I asked fellow The Rabbit Hole Weird Stories Destination:Journey anthology contributors to share some things about themselves prior to publication and those generous enough to do so will be appearing here for the next week or so.
Each entry gives a taste of their contribution, a little about them, how to contact them, how their story came about, and definitely a link to The Rabbit Hole Weird Stories Destination:Journey (which you should purchase because it would make each and every one of us happy.
you do want to make us happy, don’t you?
i mean, considering what we wrote, you want us to know you’re a good person, right?).
Let’s start with an introduction to the anthology as a whole:
“Life is a journey, not a destination.” — Ralph Waldo Emerson.
Emerson’s point has been echoed by many, but in the Land of the Weird the question arises, “A journey to what destination?” At the same time, you might ask, “Is the journey therefore the destination?” The journey may well be an individual’s destination, because it will define them physically, emotionally, and spiritually. And in the Land of the Weird, that journey can take twists and turns that amuse, sadden, or horrify.
This trip into the Land of the Weird offers you 39 unique trails to follow, assisted by 35 different guides, each leading you down their own singular paths, manifesting their own view of journey as destination, some laughing, some weeping, and some, eyes wide with fear, shaking as they point out the spectral footpath for you to follow on your way down The Rabbit Hole.
A Writers Co-op Production
Stories by: Chere Taylor, Brian R. Quinn, Arthur M. Doweyko, Donna J. W. Munro, Tom Howard, Kayla Whittle, Leslie Muzingo, Pete Barnstrom, Emmie Christie, Thomas Nicholson, GD Deckard, Richard DeRobertis, M.C. Schmidt, James Dorr, Rosalind Goldsmith, Margaret Karmazin, J.W.Wood, James Rumpel, Bill McCormick, v.f. thompson, Fran Tabor, David K. Slay, Joseph Carrabis, Jane Frankel, Alice Baburek, Susan R. Morritt, Bobby Rollins, Lee Clark Zumpe, Denice Penrose, Stephen McQuiggan, H. Donovan Lyón, Anna Ross, Michael Pudney, Beth Gaydon, and Tom Wolosz.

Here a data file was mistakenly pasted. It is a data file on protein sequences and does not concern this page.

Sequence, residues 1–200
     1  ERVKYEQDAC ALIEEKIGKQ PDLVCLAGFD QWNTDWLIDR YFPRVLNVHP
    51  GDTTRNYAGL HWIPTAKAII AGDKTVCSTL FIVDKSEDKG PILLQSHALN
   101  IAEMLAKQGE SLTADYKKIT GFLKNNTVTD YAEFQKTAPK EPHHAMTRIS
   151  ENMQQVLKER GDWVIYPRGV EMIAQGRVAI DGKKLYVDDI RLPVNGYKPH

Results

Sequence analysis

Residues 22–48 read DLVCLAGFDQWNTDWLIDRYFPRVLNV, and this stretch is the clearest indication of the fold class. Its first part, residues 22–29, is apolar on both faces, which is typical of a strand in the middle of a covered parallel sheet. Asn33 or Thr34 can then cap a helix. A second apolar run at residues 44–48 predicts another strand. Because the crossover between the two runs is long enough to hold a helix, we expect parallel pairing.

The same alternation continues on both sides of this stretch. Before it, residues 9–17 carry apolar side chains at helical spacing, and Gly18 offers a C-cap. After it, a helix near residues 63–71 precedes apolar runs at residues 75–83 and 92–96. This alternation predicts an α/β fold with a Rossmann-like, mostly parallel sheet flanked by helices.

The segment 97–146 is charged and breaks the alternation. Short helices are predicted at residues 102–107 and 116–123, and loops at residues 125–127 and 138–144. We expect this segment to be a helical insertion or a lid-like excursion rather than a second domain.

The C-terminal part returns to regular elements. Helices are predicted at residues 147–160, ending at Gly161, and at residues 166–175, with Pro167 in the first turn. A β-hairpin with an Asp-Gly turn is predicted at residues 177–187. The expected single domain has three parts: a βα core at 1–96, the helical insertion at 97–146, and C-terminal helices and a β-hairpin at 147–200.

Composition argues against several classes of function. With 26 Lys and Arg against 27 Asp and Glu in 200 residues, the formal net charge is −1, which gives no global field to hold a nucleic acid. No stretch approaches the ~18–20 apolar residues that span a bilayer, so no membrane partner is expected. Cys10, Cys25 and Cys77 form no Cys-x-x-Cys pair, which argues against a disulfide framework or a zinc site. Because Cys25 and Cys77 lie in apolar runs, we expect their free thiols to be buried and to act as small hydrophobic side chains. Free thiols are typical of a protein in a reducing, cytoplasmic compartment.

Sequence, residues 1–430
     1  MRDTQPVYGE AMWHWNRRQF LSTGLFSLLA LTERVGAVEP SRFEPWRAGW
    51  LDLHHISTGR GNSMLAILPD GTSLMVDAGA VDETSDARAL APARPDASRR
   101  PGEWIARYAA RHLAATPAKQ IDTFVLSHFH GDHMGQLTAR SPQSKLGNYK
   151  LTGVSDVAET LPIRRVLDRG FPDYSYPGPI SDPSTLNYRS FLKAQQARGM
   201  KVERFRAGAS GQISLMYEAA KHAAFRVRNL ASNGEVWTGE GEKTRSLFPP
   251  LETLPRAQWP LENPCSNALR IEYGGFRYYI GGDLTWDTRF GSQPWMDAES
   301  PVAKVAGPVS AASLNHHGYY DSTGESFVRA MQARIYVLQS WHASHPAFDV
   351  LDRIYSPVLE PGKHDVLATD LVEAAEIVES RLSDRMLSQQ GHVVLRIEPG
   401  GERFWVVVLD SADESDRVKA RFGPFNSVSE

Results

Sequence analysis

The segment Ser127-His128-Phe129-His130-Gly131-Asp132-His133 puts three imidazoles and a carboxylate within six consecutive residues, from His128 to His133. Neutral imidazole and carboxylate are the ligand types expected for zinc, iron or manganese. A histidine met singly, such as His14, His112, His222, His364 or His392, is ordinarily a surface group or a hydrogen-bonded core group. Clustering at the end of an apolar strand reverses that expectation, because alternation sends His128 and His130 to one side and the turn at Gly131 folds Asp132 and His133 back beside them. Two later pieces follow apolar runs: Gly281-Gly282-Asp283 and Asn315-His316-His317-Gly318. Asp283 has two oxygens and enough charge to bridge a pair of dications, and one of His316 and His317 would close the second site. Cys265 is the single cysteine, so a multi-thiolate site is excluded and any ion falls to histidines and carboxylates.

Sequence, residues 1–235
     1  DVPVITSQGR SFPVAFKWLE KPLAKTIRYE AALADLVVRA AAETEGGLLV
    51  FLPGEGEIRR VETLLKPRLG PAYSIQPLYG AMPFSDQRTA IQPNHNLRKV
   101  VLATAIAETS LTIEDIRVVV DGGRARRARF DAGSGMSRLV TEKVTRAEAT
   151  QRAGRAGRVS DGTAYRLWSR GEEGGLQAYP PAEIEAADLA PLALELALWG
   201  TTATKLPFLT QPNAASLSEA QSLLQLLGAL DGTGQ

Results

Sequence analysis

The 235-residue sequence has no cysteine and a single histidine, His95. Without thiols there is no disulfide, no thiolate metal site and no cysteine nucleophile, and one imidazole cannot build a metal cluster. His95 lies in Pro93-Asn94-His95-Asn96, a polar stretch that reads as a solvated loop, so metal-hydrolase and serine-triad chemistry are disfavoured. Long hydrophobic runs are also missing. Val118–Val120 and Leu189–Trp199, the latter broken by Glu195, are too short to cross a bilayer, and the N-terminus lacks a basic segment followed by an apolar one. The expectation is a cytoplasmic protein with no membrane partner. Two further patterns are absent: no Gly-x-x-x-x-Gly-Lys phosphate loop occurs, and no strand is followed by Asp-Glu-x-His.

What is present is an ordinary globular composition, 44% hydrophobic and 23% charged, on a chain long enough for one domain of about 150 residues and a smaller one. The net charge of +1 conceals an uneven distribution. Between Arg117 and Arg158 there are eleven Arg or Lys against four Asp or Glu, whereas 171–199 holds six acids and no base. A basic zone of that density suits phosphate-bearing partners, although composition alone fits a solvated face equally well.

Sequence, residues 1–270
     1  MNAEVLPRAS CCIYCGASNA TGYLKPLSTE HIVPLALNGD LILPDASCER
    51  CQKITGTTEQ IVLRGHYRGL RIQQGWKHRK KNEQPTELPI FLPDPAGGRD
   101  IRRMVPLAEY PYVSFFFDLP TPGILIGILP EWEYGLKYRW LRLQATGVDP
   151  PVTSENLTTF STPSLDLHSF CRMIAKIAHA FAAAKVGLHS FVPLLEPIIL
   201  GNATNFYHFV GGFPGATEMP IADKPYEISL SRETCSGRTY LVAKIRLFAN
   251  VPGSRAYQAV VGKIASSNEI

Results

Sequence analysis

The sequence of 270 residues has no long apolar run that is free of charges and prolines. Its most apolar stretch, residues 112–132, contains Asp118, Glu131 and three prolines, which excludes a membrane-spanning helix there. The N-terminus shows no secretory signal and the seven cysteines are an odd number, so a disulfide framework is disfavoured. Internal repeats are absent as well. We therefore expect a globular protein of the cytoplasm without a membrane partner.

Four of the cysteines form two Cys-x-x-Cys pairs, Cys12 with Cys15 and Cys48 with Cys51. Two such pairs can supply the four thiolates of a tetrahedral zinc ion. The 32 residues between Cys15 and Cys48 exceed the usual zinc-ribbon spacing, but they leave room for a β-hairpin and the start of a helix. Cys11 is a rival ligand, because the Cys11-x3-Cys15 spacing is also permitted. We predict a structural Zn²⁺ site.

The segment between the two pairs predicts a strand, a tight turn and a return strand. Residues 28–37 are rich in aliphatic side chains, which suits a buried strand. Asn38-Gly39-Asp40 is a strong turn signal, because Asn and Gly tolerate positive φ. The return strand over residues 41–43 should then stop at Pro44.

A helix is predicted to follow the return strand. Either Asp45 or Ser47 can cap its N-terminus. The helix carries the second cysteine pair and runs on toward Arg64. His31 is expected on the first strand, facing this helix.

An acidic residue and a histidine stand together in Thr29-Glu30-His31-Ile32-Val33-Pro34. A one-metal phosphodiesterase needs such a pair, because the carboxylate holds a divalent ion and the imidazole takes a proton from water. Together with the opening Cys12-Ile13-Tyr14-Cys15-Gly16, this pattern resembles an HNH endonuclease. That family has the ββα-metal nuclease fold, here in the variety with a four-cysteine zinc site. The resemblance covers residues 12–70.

Fran’s contribution is The Greatest Danger. Here’s the opening:
The front doorbell’s five-alarm-fire ring killed Sue-Ellen’s dream. She glanced at her alarm clock. “Two freaking a.m.”
Our neighbor’s bratty kids promised no more doorbell games, Ever.
Sue-Ellen slapped the empty mattress beside her, demanded her husband do something… She sat up, fully alert. Her husband Todd and teenage son Evan were on a school sponsored camping trip, a Warrior’s Way ceremony. If something bad happened, there would be no phone calls; it would be an in person visit, no matter the time.
Pajama clad, not bothering to grab her robe, she ran downstairs; twisted the bolt lock open, flung the door wide.
Mrs. Elizabeth “Betsy” Smith stood alone. Betsy wore the same frumpy skirt and big-pocketed cardigan as she had the previous day when Sue-Ellen announced, “Congratulations, you are the new kindergarten teacher.”
How the story came about:
A true event inspired this story. Her oldest daughter heads a thriving Montessori school. The school continuously seeks great teachers. The best interviewee had marvelous references. Her daughter exchanged multiple emails with each reference. She looked up the most interesting one… He died the year before their email exchanges. After notifying the authorities about the attempted fraud, she lamented to Fran, “The woman was wonderful!” Naturally, Fran imagined an alternate-universe, time-traveling explanation how a wonderful teacher could accidentally have a dead person write a reference. Awesome editor Curtis Bausse polished Fran’s idea into a gem worthy of this anthology.
About Fran Tabor:
From second grade on, Fran dreamed of becoming a scientist. Fascination with how eyes work led to reading about photons, which led to a lifelong love of astronomy.
Life happens. Her desire to unravel the universe’s secrets took a back seat to joining the family business – but the excitement she gleans from the latest scientific discoveries has never abated. Fran brings her lifelong love affair with “What if —?” speculations to everything she writes.
A true event inspired this story. Her oldest daughter recruits Montessori teachers. Her daughter exchanges multiple emails with each reference… One teacher’s reference died the year before their email exchanges.
Naturally, Fran asked, “What if those emails had intersected an alternate universe in which the reference were still alive?”
Awesome editor Curtis Bausse polished Fran’s idea into a gem worthy of this anthology.
See all The Rabbit Hole Weird Stories Destination:Journey stories here.